Scholting/Brahmer

PIERCE — The play of the game may have been a decade or more in the making.

The current sophomore class, including quarterback Abram Scholting and tight end Ben Brahmer, were among the first group who participated in a flag football league in Pierce that was started by their fathers, both of whom are on the coaching staff. Ben's father is head coach Mark Brahmer, and Abram's is assistant Carl Scholting.

Throw in the fact that the two are also friends who have played a lot of catch together on their own there's a trust level that just can't be taught.

“We've played for quite a while,” Abram Scholting said.

That trust was evident when the younger Scholting stepped back and had to circle past an Adams Central defender, darting around the corner on a play in the third quarter with Pierce leading 21-10. Then, just when it seemed he would take off and run, he stopped and let a pass fly in the direction of 6-foot-5 classmate Brahmer.

“He (Abram) must've said, 'Oh, Ben must be down there,' and he just chucked it,” Brahmer said.

Ben Brahmer stepped in front of an Adams Central defender, caught the pass just in front of the goal line, stopped and then turned around to run into the end zone to give his team a 28-10 lead with 2 minutes, 28 seconds left in the third quarter.

“I saw Ben,” Abram Scholting said. “I saw him a little deep. I liked the height advantage, so I just threw it up to him. He made the play. He made an amazing play.”

It was the kind of play you would expect someone to make while playing a pickup game in the back yard. And for many years, the duo had done just that.

“It was just two kids playing backyard football,” the elder Scholting said. “That was pretty awesome to see.”

That kind of chemistry is something that isn't built overnight, either.

“You saw that here tonight, escaping a sack and finding a receiver down by the goal line with Abram throwing to Ben,” the elder Scholting said.

Featuring the run

At the beginning of the season, it was more of a “running back by committee” approach for Pierce as it tried to replace the “three horsemen” of Dalton Freeman, Carson Oestreich and Brett Tinker, all of whom graduated this past spring.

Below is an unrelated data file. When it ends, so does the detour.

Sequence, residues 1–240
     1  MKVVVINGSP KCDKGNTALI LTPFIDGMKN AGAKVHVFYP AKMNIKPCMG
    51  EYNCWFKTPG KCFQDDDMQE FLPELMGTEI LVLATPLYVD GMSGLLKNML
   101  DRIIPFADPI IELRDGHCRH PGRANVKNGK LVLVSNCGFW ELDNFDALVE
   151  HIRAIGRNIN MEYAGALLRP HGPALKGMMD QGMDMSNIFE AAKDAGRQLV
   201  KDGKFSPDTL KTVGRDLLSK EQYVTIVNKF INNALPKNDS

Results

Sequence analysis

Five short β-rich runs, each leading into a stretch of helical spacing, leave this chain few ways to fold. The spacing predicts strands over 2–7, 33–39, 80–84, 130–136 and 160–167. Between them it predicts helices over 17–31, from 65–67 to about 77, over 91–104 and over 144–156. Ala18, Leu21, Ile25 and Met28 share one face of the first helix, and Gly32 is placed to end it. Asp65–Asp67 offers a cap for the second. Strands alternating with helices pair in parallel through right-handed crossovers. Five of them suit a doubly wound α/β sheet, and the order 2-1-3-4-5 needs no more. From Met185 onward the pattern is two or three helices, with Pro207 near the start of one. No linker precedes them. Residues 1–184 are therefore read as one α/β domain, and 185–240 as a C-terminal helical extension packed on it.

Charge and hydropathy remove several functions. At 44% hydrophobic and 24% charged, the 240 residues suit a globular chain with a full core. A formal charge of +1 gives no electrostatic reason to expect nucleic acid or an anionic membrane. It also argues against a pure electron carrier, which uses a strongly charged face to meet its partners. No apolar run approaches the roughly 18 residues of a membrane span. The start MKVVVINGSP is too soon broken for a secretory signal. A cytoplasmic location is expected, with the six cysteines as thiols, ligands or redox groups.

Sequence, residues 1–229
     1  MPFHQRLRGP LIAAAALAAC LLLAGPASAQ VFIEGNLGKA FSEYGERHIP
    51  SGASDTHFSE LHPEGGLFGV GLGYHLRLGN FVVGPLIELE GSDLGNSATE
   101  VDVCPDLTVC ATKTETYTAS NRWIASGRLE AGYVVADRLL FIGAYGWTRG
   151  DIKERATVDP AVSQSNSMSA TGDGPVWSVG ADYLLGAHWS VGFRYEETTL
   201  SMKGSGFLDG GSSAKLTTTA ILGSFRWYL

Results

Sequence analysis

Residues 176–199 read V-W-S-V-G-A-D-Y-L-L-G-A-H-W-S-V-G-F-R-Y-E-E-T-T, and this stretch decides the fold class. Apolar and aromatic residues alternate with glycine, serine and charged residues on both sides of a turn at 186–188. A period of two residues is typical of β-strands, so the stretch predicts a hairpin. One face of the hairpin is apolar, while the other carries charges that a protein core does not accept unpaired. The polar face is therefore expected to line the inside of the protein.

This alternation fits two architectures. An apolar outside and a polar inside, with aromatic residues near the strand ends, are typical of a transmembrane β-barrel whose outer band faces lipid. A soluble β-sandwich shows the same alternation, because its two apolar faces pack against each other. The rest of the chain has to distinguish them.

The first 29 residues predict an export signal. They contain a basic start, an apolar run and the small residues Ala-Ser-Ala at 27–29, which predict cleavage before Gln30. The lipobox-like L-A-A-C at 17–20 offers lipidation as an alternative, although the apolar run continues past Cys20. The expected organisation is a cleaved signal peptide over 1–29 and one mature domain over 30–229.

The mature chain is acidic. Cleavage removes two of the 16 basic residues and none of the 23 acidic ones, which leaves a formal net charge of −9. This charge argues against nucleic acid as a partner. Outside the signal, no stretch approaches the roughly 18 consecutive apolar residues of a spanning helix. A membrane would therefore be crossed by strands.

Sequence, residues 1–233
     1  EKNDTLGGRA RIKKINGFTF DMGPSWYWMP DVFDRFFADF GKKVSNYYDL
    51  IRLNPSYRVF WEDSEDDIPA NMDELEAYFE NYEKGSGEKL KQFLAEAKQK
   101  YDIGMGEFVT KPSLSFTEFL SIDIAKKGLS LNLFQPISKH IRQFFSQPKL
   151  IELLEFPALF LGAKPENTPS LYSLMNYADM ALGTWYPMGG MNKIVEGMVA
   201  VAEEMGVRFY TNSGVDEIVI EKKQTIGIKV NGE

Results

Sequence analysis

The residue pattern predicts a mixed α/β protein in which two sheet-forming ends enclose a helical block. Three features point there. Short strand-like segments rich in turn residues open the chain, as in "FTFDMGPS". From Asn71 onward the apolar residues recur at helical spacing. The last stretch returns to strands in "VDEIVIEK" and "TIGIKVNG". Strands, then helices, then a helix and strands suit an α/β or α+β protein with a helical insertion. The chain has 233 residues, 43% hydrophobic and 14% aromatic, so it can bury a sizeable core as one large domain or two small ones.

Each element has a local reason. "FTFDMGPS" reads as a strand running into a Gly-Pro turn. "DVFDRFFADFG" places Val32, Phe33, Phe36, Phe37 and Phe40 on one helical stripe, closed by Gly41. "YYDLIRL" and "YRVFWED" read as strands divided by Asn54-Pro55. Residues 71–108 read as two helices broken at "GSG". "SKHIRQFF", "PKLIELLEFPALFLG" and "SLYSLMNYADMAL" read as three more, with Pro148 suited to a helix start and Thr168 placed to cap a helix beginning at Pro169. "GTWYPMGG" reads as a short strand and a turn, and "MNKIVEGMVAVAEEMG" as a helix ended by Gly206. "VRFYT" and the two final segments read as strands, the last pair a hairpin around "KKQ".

But by Friday night, Race had emerged as the clear No. 1 running back. He finished with 127 yards on 19 carries, both game highs. In addition, Michael Kruntorad added 35 yards on 10 carries.

“It was a lot of fun letting everybody get involved,” Race said. “I think it helped having the three from last year. I really learned a lot from them last year.”

Ben Brahmer led the Bleu jays with 87 receiving yards on five catches, while Logan Moeller added 67 yards on three grabs and Garret Meier had 42 yards on two receptions.

Home sweet home

It was the first time since 1989 that Pierce hosted a state championship game.

While coach Brahmer said earlier in the week that his preference was home site for the finals, the players said that, by the end of the night, they could tell there was a different environment by playing in front of a hometown crowd.

“Our motivation for the semifinal was to get here now ... The crowd came and it was great,” Ben Brahmer said. “We know Pierce is always going to show up.”

Race said it was unique to play for a state title at home.

“It's obviously unfortunate that we couldn't play at Lincoln,” Race said. “I don't know. It might be better playing at home in front of your home crowd.”

Motivated to finish

If there was one prevailing theme Friday night, it was that Pierce wanted to atone for last year's performance in the state finals, a 38-0 loss to Wahoo.

Head coach Mark Brahmer said postgame that he took the blame for not easing the work load prior to the finals. Nonetheless, his players said they believed they had something to prove.

“We just wanted to erase it and prove that we can finish it,” Abram Scholting said. “We just wanted to come out here and win it.”

“The road here definitely hasn't been easy, but the gold medal at the end definitely makes it worth it,” Race said.

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